Demand indicators for the Treasury market weakened modestly over the past month. These trends don’t yet exhibit the usual precursors of improvement. If the weakening persists, bond prices should break to the downside within weeks, and stocks should follow.
The Primary Dealers positions are the most important. As new supply increased last month, the dealers took down less of it. They are reducing their interest rate risk in long duration paper. Meanwhile, investment funds, the dumb money, have been taking down more bonds.
Dealers were net long cash Treasuries versus futures by approximately $3 billion at the beginning of the month. This is a new annual low, below their smallest net long position of the past year of $9 billion. If this trend continues, and particularly if it goes net short, it would mark a sea change in Primary Dealer positioning. It would be a bearish sign.
Total demand for Treasuries has been in a secular decline. Bonds remain on the brink of signaling a long term bear market, in spite of stepping back from the brink over the past week. Bond yields flirting with an upside breakout haven’t phased stock market bulls. They need to show a little more respect for the prospect of a weaker bond market, or they’re going to get their butts kicked.
Here are some of the bearish indications that investors need to pay attention to.
The total bid at the March Treasury auctions was $453 billion, up about $5 billion from March 2016. Demand has stabilized over the past year, but the long term trend is still down. This is part of a secular trend that has persisted since 2010. There’s no evidence, nor any reason to think, that this will change in the foreseeable future.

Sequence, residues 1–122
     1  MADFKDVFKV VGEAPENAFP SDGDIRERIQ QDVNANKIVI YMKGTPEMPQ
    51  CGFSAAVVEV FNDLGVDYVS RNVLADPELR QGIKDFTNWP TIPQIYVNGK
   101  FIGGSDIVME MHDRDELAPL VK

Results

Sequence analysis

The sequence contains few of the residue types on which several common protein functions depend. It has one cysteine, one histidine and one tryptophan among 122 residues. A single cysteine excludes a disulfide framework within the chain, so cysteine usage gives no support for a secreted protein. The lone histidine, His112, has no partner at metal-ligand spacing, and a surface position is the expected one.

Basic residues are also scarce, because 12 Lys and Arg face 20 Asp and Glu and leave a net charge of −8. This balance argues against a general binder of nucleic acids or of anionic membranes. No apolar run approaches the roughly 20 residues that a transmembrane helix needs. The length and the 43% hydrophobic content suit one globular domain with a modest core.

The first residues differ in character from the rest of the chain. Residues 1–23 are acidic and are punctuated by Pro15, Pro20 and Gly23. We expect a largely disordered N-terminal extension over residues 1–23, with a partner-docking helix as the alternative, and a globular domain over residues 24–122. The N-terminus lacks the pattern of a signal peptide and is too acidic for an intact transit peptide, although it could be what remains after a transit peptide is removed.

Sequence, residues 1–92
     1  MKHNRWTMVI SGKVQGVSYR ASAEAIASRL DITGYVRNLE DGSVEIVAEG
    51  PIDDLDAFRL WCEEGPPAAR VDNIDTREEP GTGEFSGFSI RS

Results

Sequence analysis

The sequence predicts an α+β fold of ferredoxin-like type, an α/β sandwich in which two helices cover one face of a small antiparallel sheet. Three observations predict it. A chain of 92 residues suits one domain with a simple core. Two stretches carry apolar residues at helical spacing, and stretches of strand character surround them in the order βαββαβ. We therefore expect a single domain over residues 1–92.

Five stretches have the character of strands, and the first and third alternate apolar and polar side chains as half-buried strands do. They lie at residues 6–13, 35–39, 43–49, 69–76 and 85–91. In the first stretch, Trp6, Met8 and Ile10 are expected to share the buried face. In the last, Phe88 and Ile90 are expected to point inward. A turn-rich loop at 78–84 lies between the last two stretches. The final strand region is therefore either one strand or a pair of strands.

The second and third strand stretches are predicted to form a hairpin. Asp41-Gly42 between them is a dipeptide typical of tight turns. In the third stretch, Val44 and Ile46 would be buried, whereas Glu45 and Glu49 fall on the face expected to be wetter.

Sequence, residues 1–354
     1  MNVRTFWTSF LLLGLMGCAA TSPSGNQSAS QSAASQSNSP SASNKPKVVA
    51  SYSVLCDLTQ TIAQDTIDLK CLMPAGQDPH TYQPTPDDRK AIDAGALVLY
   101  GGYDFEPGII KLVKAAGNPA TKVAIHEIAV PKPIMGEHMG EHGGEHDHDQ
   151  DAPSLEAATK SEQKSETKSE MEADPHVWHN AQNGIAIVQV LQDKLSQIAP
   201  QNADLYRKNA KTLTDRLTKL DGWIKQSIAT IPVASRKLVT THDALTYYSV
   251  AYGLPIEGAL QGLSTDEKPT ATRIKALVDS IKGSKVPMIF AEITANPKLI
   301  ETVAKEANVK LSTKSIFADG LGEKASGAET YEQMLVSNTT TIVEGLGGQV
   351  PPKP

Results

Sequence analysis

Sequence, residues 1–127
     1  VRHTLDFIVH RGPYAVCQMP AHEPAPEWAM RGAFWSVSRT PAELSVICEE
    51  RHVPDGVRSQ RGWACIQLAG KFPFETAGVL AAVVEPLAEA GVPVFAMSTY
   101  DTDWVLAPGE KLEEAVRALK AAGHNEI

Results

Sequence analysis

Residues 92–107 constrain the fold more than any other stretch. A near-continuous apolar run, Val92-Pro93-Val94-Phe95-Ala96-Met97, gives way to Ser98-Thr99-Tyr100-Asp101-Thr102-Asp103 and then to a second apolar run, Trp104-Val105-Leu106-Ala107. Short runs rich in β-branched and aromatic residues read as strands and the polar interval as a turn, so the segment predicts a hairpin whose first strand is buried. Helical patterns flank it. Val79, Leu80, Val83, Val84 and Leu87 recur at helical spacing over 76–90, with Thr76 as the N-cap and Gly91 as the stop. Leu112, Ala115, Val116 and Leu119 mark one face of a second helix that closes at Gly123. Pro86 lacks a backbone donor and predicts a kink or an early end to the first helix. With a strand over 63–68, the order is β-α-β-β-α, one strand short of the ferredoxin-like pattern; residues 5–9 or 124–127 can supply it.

At the same time, a big increase in supply is looming once the debt ceiling is lifted and the Treasury will need to raise funds to repay the internal accounts it raided. Any increase in spending, and/or any tax cuts would add to Treasury issuance as deficits grow. If demand doesn’t increase along with the increase in supply, bond yields will rise.
Treasury bond issuance is lower than last March, but it is above the March 2015 level. Meanwhile dealers are taking a much smaller share as their purchases remain in a sharp downtrend. With large holdings already, the dealers are less willing to accumulate longer term paper. They have been persistently lowering their exposure to interest rate risk in longer duration paper. Dealers are the “smart money.” Investment fund buying—“the dumb money”— continues to trend higher.
Foreign allocations rose slightly on a year to year basis in March. This very modest rise was enough to help keep a bid under bond prices. However, the low overall level of buying shows that this is not a strong vote of confidence.
The 10 year yield has pulled back to the 10 year trendline that it broke to the upside in December. If it holds here, the next target would be the secular trendline at 3%. If yield drops below 2.25, the next target would be around 2.05 based on this chart. That could still be a bottoming pattern for yields. 35 year trends don’t reverse in a day.
Primary Dealers cut their Treasury coupon long positions as well as Agencies and corporates in the 4 weeks ended March 29. It was the third straight month in which they cut their corporate holdings. They increased their holdings of MBS. They have maintained large long positions in Treasuries for the past 18 months in spite of the big selloff in the second half of 2016. Their long positions in Treasuries have recently been oscillating around the 1 year moving average, which has turned flat and may be rolling over.
The dealers hedge their cash positions in the futures markets. For the week ended April 4, 2017 dealer positions in Treasury coupon futures of all durations were net short approximately 562,000 contracts with a face value of $69.3 billion. That was sharp drop in short positions from the face value of $84.3 billion at the end of February.